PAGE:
“He incorporated into the robot system an interactive electronic game called Pong-Master. This game permits the players to compete against the robot and each other. It challenges the control of players to hit pre-selected targets while electronically displaying points made and games won and lost in a controlled period of time at varying ball speed, spin, and frequency. This game, complete with sound responses to points made, is the only game of its kind on the market today.”
Via exhibitions and demonstrations at schools and other institutions, Joe shows a range of robots—from the simple, sturdy basic one to one with all the accessories. (And he uses a virtuoso range of expressions from 2001 U.S. Champion Eric Owens to sell them. Eric says Joe’s “always made me feel like a friend rather than a Newgy player.”) Further, Joe’s expanded his RobO-Pong system/services to provide players with a Newgy Robot Coaching Clinic, and an Internet Newgy Coaching Forum (where one can get “info, tips and training advice”).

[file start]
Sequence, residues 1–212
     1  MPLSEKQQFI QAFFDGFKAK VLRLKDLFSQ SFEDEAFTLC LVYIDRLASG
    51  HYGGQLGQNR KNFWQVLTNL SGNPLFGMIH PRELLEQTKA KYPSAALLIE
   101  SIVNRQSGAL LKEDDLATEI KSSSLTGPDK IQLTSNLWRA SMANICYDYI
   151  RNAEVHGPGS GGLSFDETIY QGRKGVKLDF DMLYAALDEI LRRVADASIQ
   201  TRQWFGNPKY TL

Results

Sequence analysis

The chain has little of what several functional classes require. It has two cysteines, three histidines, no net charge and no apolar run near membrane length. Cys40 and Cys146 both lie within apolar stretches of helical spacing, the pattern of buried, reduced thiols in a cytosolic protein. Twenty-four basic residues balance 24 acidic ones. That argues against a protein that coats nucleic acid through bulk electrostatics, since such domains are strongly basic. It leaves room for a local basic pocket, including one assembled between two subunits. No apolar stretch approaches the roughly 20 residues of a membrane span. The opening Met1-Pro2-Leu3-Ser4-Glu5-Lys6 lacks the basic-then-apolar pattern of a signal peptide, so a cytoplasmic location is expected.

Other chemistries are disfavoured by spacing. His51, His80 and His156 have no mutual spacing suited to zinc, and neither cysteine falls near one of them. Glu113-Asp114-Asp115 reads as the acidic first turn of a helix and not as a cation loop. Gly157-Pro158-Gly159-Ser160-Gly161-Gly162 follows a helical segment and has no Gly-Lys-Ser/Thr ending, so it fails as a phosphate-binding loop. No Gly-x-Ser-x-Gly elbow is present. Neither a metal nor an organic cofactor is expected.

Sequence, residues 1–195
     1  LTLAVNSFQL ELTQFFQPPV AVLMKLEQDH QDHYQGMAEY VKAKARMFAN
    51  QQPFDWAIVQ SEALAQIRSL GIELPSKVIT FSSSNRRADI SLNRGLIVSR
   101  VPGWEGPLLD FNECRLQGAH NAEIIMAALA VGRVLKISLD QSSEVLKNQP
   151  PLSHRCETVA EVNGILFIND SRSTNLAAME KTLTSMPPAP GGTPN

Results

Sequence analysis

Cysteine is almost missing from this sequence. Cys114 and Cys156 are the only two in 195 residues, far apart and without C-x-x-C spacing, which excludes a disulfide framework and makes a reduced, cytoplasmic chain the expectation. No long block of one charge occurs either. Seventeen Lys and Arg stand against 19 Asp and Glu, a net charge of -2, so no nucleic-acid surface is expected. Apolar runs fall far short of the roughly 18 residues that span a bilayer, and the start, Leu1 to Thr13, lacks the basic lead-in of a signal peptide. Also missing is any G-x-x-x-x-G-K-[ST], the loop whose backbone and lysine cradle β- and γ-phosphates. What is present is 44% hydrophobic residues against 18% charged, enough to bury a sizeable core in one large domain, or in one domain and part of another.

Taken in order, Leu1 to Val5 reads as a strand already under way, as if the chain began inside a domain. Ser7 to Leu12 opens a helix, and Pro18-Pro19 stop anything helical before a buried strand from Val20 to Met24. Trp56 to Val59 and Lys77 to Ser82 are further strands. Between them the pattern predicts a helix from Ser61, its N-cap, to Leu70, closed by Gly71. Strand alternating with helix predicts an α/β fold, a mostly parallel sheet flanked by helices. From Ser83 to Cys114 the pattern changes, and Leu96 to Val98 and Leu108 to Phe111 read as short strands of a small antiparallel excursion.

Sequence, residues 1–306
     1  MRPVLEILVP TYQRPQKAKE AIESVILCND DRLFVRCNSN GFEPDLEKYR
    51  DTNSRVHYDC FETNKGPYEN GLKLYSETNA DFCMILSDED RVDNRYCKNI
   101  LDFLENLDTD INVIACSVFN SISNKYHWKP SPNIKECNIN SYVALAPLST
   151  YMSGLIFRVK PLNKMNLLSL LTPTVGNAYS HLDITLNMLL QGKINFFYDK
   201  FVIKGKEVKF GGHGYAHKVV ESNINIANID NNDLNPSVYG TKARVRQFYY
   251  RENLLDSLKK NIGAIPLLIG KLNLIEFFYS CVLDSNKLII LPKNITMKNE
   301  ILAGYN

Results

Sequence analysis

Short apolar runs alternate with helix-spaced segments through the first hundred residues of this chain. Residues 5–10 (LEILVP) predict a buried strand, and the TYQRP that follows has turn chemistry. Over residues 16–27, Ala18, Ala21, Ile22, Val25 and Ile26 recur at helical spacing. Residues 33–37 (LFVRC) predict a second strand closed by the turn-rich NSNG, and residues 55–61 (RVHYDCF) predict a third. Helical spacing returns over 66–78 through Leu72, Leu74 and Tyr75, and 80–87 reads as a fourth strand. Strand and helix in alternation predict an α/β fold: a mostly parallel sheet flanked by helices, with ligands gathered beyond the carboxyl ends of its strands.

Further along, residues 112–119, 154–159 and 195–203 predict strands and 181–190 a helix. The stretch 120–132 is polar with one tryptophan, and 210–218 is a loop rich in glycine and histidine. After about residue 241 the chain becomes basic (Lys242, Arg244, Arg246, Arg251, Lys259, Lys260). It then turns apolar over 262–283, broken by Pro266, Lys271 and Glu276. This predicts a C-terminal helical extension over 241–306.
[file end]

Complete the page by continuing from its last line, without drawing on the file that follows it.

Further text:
In addition, Joe has unselfishly contributed to the National Schools Program, High School Leagues, ACUI and NCTTA competitions, Training Centers throughout the country; and for decades has helped individual players. “Gracious and optimistic,” Scott Preiss calls him, thankful that Joe’s been so supportive of Scott’s son Austin. No doubt many of Joe’s contributions remain unknown—Larry Thoman, for instance, points out that “Newgy has donated thousands of paddles to the ITTF for use in developing countries and a number of robots to the national TT associations hard hit by the devastating Southeast Asia tsunami in 2005.” He has supported our Hall of Fame Booster Club, and has sponsored a number of tournaments. Here, paying homage to Joe after his initial $10,000 Newgy Robo-Pong Open at Murfreesboro, TN, is Alan Williams: